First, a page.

In PRS's Korean-made SE line, the Singlecut has fared better than its US counterparts - over 50 per cent of SE models are based on it.
Here too the guitar has evolved from the initial Mark Tremonti SE Singlecut, with its thinner body and 635mm (25-inch) scale, to guitars such as the SE 245 with its more original Gibson-like 24.5-inch scale (hence its name) and body thickness that's a shave under the USA Singlecut's Les Paul-like girth.
Into this throng comes the latest SE Singlecut: the Bernie Marsden. Bernie is of course the ex-Whitesnake tonemeister and a relatively recent PRS convert (a big coup for the firm considering his original 1958 Gibson Les Paul, aka The Beast, is almost as well known as he is - see p64 for more on it). The guitar was originally a 1,000-only limited run, but quickly became a standard model due to large demand.
At a quarter of the price of the Stripped 58 we tested at the same time, the 24.5-inch scale Bernie Marsden (BM) is among the most vintage Les Paul-like Singlecuts in the SE range. It has a thick body, 'bevelled' veneer-faced solid maple tops (think a subtle carve not the more pronounced carve of the USA models), a Wide Fat neck shape, Stoptail bridge and dual 245 humbuckers.
The BM goes for real body binding (a first for a PRS production model we believe); it also has edge binding to the fingerboard and old-style vintage tuners on a black-faced headstock.
SEs are very different from the USA models, as the prices clearly indicate. They use standard parts such as strap buttons, jackplates, knobs and pickup surrounds.
Yet the bird inlays and Stoptail bridges are more than enough to differentiate them from virtually any other Les Paul-inspired single-cut design out there. That said, we think the pegheads look too busy with the PRS logo on the truss rod covers and the SE and model name on the headstock faces.
There are, of course, numerous actual differences aside from those more obvious ones. The SE's Wide Fat neck remains one of our favourites, big but not huge in the hand, but the re-jigged USA Pattern profile of the Stripped 58 has slightly more of a 'V' and just feels more boutique in the hand.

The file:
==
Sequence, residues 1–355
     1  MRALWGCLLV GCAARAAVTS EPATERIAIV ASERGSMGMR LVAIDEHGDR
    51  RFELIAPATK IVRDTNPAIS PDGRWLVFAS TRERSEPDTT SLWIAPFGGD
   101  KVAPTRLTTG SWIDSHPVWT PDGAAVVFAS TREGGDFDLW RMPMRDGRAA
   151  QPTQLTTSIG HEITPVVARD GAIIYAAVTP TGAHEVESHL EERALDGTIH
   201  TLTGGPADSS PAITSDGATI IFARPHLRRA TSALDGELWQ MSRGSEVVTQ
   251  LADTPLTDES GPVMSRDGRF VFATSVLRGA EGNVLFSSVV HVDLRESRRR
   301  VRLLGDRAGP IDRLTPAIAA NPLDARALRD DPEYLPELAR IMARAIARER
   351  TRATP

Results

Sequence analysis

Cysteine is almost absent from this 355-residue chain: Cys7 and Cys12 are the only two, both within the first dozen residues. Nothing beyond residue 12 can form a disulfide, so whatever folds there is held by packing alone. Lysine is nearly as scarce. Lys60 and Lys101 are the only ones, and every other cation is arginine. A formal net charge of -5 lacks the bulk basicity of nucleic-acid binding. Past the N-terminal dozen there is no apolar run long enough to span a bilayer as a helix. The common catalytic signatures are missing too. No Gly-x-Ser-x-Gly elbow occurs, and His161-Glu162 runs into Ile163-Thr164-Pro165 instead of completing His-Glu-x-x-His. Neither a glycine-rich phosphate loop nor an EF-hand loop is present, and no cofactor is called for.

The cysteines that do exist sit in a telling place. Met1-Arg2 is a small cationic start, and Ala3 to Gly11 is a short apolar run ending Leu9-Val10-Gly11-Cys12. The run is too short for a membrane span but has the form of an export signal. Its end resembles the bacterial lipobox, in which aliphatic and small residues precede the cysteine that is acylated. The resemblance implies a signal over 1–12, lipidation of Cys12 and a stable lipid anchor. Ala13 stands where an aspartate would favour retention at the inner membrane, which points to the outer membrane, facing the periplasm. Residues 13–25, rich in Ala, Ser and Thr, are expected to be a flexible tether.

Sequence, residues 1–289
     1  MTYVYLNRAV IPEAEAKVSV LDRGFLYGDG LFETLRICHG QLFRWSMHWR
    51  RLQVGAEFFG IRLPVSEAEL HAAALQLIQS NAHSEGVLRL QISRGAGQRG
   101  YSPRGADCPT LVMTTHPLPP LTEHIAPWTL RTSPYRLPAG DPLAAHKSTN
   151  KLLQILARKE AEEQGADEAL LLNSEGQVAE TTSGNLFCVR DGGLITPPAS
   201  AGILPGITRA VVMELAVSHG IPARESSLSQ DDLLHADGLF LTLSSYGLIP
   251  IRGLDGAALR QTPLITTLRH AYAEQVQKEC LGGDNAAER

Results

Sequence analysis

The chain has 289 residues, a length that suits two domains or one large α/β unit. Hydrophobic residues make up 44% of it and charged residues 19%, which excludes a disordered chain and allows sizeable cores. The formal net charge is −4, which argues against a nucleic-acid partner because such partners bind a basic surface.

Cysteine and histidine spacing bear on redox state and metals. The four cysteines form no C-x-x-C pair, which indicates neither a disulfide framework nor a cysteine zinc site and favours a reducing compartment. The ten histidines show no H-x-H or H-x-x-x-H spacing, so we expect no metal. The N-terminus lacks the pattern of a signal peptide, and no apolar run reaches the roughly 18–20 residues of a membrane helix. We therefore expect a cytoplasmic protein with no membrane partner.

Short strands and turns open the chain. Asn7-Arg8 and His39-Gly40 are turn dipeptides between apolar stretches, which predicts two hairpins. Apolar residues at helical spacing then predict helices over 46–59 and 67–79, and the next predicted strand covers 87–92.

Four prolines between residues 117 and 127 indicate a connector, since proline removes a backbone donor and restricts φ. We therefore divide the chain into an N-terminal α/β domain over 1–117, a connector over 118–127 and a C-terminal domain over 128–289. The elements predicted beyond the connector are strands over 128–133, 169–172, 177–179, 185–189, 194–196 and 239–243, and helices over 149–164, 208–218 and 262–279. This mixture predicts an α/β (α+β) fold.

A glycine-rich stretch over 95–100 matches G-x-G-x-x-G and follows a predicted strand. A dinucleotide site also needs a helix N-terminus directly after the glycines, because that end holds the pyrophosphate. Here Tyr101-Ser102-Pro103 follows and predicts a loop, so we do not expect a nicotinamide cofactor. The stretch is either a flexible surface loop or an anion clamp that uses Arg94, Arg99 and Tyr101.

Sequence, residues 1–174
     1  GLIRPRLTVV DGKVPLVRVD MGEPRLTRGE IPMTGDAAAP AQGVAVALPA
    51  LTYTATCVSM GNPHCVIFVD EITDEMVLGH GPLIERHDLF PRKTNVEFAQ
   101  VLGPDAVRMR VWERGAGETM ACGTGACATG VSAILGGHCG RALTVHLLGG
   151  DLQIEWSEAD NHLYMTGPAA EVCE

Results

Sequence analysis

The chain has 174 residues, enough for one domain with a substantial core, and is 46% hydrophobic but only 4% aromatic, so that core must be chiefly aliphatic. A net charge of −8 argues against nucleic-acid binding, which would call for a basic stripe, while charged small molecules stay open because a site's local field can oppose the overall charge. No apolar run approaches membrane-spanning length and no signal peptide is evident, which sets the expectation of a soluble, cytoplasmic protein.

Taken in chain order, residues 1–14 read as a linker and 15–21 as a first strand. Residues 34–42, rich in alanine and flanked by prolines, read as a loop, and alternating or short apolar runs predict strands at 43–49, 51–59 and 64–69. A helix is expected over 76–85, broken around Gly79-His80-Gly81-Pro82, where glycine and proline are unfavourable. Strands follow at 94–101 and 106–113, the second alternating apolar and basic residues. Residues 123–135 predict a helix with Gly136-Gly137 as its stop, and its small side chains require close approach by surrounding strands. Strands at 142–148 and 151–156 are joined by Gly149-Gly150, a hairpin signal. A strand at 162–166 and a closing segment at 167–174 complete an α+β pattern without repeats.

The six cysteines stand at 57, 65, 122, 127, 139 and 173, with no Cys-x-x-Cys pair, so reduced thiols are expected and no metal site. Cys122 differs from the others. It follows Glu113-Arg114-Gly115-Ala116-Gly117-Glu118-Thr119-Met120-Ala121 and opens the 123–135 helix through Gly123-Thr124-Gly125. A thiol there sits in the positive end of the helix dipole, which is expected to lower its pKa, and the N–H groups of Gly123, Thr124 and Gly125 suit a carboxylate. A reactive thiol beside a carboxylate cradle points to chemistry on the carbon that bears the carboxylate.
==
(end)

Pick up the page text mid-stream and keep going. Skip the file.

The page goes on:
The slightly bigger fretwire on the USA models is a similar difference. In short, any reasonably experienced player will not only see but feel the differences immediately.
With the BM things seem plenty vintage before we plug in. That neck and body binding, the slightly washed out 'burst, those zebra coils… None of which should make a difference.
So why are we hearing a more classic vintage sound than we're used to from a standard SE 245? It's a small difference, but it's the kind that makes you choose one guitar over another. The neck pickup seems to have a bit more plumminess, the bridge has clarity with just a little less scratch.
Maybe those tuners, the different nut or heavier string gauge (the BM is shipped with 0.010s, the 245 with 0.009s) are playing their part, but the BM just has a little more roundness to it: it just sounds a little older.
We know PRS makes great guitars but the interesting thing about this test, especially using a 2001 Singlecut as a reference, is the progression over a 10-year period. A new SE 245 is frankly almost as good as that first Singlecut; the Bernie Marsden is quite possibly better.
If you don't like bird inlays or those fancy tops you might pass in favour of a classic Les Paul. Yet informed by the past it might be but the PRS Singlecut is its own beast and it's the consistency of build and QC that still impresses after all these years. That, sadly, can't be said of every company in the world building single-cuts.
The SE 245 is already a go-to single-cut worthy of honest evaluation in your search. The Bernie Marsden is a still vibe-ier guitar – subtly perhaps, but it's noticeable.